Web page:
Federal judge in Texas rejects challenge to vaccine mandate

Judge throws out lawsuit challenging Houston hospital's requirement that workers be vaccinated - then rips comparison to Nazi Germany.

Ron Kampeas, JTA ,

COVID-19 vaccine
COVID-19 vaccine
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A federal judge in Houston has thrown out a lawsuit by health workers objecting to a city hospital system’s coronavirus vaccine mandate on the merits — but she couldn’t help singling out one of the arguments for special derision.

In her five-page opinion on June 12, District Judge Lynn Hughes writes that the lead litigant, Jennifer Bridges, “says that the injection requirement is invalid because it violates the Nuremberg Code,” the ethical code that emerged from the trials of Nazi physicians following World War II.

“She likens the threat of termination to forced medical experimentation during the Holocaust,” Hughes says in the ruling, as reported by Ars Technica, a technology news site.

Houston Methodist Hospital is a private entity, not a government, Hughes writes, and adds: “Equating the injection requirement to medical experimentation in concentration camps is reprehensible. Nazi doctors conducted medical experiments on victims that caused pain, mutilation, permanent disability and in many cases, death.”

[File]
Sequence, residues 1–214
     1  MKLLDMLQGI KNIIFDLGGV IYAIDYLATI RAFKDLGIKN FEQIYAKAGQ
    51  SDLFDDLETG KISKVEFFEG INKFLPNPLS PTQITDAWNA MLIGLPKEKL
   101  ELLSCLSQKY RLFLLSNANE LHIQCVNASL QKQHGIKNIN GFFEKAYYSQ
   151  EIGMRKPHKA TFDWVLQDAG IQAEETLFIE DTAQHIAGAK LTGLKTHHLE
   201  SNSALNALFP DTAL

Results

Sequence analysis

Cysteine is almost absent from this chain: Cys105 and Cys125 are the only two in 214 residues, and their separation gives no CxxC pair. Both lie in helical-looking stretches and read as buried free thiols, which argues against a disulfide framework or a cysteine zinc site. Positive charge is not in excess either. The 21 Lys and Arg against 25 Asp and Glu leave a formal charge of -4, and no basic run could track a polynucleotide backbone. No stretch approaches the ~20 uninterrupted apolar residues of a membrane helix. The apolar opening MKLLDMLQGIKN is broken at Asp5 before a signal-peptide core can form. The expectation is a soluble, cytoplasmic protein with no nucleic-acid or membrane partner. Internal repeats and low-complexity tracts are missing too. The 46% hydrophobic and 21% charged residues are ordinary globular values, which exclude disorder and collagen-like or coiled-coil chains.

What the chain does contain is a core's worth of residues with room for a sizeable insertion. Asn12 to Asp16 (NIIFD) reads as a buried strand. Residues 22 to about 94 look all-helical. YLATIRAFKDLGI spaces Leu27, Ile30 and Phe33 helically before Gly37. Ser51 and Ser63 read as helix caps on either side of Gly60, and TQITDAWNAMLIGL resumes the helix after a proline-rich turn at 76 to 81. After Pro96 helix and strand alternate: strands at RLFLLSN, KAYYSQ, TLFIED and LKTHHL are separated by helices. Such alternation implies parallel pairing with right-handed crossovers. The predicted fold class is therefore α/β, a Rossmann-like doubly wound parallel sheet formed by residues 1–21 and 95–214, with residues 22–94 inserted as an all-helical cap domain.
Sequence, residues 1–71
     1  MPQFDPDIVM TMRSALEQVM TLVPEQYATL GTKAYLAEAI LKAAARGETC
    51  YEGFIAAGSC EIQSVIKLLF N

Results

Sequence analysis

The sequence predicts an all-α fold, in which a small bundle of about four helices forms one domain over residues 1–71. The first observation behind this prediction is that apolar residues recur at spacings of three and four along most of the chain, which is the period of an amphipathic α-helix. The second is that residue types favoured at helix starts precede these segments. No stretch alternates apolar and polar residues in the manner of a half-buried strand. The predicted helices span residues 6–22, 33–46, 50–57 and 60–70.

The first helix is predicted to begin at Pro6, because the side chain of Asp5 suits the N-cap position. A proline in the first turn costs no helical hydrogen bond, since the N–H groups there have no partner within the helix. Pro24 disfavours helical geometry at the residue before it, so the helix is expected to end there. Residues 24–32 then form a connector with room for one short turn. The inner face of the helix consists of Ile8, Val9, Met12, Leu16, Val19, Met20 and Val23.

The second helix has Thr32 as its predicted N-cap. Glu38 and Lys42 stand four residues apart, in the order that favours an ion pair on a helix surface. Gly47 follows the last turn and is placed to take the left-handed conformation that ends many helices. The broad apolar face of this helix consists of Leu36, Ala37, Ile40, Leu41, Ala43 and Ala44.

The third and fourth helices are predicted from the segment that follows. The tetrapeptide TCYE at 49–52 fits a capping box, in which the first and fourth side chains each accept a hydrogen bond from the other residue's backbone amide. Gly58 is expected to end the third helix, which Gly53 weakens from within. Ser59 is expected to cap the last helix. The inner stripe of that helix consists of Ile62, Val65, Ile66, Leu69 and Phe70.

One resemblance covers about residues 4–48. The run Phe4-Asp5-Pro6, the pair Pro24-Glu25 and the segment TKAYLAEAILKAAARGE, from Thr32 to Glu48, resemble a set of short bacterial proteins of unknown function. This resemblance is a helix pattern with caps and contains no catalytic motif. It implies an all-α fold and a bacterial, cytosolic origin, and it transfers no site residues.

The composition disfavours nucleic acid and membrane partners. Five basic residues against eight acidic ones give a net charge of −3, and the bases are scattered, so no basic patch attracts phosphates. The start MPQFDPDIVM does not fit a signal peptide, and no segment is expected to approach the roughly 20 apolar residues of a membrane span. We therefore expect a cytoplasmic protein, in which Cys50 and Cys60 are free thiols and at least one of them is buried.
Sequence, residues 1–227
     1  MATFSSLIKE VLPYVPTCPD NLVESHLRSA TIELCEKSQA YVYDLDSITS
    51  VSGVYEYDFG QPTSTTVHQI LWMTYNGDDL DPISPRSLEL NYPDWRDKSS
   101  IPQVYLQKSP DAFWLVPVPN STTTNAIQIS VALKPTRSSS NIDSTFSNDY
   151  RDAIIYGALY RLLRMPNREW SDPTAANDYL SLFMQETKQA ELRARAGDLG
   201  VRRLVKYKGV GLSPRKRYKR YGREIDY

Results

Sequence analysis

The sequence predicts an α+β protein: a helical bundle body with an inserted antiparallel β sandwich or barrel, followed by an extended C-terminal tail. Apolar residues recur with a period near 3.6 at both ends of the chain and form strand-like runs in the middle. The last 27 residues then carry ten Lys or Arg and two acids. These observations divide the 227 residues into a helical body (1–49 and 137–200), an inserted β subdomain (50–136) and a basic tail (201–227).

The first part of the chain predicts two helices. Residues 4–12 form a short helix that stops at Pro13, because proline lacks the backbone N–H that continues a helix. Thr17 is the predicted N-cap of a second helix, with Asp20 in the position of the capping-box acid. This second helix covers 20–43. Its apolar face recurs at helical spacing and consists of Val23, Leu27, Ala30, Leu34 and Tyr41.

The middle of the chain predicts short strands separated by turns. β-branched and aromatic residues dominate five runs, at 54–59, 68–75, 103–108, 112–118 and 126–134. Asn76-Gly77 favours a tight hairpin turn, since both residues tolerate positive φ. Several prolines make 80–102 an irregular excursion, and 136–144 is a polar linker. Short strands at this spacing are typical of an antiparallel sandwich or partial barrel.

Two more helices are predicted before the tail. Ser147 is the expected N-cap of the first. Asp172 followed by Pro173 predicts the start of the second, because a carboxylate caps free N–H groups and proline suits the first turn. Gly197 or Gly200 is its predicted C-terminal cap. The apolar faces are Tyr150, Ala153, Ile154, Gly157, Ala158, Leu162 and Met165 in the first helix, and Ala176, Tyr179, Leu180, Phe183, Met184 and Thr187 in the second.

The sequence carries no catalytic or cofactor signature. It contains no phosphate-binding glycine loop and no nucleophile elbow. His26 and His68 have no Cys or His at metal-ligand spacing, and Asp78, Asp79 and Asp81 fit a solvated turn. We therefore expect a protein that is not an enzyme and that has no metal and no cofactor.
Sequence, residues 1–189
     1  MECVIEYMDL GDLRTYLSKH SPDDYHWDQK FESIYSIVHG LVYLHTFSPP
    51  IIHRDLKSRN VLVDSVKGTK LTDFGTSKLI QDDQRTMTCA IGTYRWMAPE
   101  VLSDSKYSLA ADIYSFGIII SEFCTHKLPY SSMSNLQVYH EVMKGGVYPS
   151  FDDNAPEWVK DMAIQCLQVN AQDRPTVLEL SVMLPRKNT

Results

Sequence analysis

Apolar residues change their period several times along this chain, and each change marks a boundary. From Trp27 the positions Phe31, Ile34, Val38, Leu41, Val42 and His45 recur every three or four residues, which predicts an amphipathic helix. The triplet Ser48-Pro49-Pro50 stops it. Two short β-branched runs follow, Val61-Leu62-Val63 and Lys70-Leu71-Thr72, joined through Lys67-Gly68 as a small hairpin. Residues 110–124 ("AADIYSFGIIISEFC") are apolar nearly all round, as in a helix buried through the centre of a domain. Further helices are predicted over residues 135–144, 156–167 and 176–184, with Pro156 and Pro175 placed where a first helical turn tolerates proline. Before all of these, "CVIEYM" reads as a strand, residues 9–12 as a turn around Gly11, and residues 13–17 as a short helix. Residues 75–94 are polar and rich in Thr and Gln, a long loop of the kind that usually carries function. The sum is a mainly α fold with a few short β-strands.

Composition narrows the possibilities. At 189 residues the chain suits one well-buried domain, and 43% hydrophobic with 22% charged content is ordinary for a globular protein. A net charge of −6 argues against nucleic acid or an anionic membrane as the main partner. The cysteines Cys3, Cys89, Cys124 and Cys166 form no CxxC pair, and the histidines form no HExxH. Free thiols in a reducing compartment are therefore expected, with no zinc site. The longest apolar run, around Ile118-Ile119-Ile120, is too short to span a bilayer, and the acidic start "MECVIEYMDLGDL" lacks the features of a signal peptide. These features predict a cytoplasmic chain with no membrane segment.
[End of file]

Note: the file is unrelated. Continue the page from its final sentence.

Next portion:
Bridges was joined by 116 staffers from the facility, which has a staff of 26,000, in filing the lawsuit. In a CNN interview after the ruling, Bridges said she was not likening the vaccination to the Holocaust but to Nazi practices in the 1930s.

Comparisons between coronavirus protections and the Holocaust have proliferated on the fringes. A Georgia Republican congresswoman, Marjorie Taylor Greene, apologized on Monday for making a similar comparison. Greene’s apology followed her tour of the U.S. Holocaust Museum in Washington, D.C.



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